Wellspring Capital Management
Architecture, Interior Design —
For a private equity firm, Reddymade re-designed the entire fifth floor at Lever House. The firm was growing and wanted to upgrade their image. They needed three conference rooms as well as private offices for the four partners. In addition, there were to be offices for their associates, a reception area, a lounge and dining room, as well as enough support space for office staff.
That Wellspring’s office was in a landmark building was key to our design. Lever House, designed in 1951 by Gordon Bunshaft of Skidmore Owings and Merrill, along with Mies van der Rohe’s Seagram Building opposite, are pivotal symbols of the glass, and stainless-steel walled, skyscrapers that were a high watermark of post-war, corporate architecture. Reddymade created a dialogue between the needs of our clients and this famous history. Our design offered strong historical references, at the same time using cutting-edge, contemporary materials. The latter, simple, yet refined, paid homage to this legendary setting by being minimal and rich. But the end result, a subtle but lively play of textures and light, was highly contemporary.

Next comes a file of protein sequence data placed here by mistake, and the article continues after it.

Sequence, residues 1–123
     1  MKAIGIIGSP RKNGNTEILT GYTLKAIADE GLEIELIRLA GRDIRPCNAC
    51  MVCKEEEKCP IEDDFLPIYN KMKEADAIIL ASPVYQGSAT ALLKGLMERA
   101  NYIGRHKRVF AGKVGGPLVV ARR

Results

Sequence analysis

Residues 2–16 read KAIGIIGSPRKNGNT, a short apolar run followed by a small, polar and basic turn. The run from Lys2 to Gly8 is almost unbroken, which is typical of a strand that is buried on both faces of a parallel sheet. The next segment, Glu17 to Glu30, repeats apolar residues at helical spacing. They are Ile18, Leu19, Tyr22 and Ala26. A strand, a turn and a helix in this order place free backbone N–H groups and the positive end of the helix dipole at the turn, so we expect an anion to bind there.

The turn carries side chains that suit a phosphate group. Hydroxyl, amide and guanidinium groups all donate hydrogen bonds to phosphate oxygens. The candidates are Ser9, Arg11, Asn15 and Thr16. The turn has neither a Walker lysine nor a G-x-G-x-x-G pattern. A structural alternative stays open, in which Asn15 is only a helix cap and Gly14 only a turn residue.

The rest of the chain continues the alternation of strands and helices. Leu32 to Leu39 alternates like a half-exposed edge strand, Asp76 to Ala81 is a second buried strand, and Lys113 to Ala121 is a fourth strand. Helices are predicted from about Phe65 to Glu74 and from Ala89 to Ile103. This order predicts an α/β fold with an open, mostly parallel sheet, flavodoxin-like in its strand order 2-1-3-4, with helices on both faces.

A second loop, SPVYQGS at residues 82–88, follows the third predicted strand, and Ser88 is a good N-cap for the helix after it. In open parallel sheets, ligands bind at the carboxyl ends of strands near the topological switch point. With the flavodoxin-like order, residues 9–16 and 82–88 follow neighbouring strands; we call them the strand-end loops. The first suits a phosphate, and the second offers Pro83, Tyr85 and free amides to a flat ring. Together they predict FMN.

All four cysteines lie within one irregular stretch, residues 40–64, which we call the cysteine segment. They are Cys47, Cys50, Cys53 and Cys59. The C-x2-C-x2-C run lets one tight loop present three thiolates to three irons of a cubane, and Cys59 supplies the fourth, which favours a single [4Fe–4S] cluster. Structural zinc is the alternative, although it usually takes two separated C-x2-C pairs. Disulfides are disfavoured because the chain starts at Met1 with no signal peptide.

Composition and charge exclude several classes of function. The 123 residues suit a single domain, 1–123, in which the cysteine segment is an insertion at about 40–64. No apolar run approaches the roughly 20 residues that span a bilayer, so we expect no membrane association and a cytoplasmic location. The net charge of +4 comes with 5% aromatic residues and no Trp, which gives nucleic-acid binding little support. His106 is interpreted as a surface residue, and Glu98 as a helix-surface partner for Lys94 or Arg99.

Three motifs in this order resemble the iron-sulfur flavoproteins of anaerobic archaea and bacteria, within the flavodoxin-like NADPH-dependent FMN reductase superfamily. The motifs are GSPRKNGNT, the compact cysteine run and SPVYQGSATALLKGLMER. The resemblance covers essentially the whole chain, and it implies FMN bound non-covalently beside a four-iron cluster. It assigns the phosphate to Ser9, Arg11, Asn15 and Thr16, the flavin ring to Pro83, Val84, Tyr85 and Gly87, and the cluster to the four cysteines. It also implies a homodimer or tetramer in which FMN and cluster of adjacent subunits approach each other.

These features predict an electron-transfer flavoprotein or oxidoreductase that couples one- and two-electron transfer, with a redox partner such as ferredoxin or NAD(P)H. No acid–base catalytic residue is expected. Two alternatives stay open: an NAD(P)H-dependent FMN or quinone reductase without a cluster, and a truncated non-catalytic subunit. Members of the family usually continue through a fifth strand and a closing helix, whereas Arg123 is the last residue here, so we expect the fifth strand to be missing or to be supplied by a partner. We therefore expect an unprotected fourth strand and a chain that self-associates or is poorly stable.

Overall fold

Since the client’s offices needed to be light-filled and at the same time offer privacy, we placed them – along with the conference rooms – on the outside of the floor. We installed translucent walls to let the light from these offices flow into the rooms inside as well as into the hallways. To pull this off, Reddymade chose a new and daring material: a composite panel of glass and onyx. (It had yet to be used on a large scale in the U.S.) The translucency of these panels ended up providing the exact balance of both light and privacy needed. In addition, they lend a feeling of texture and warmth to the entire office. Architecturally, our design referenced the Bienecke Library on the Yale Campus, another of Gordon Bunshaft’s exemplary designs.
We screened off the main reception lounge from the support spaces by installing a large, lighted cube. Reflecting the clients’ interest in emerging artists, we placed striking and large works – including a piece from the 2004 Whitney Biennial – here, and in the support areas behind. The conference tables were made from a black, reflective, Negro Marquina marble. Their stainless-steel bases mirror the minimalism of Donald Judd. Finally, we removed the dark wood paneling in the elevator lobby replacing it with back-painted glass. This gives an immediate introduction to the lightness and translucency of the glass-and-onyx-walled offices you are about to enter.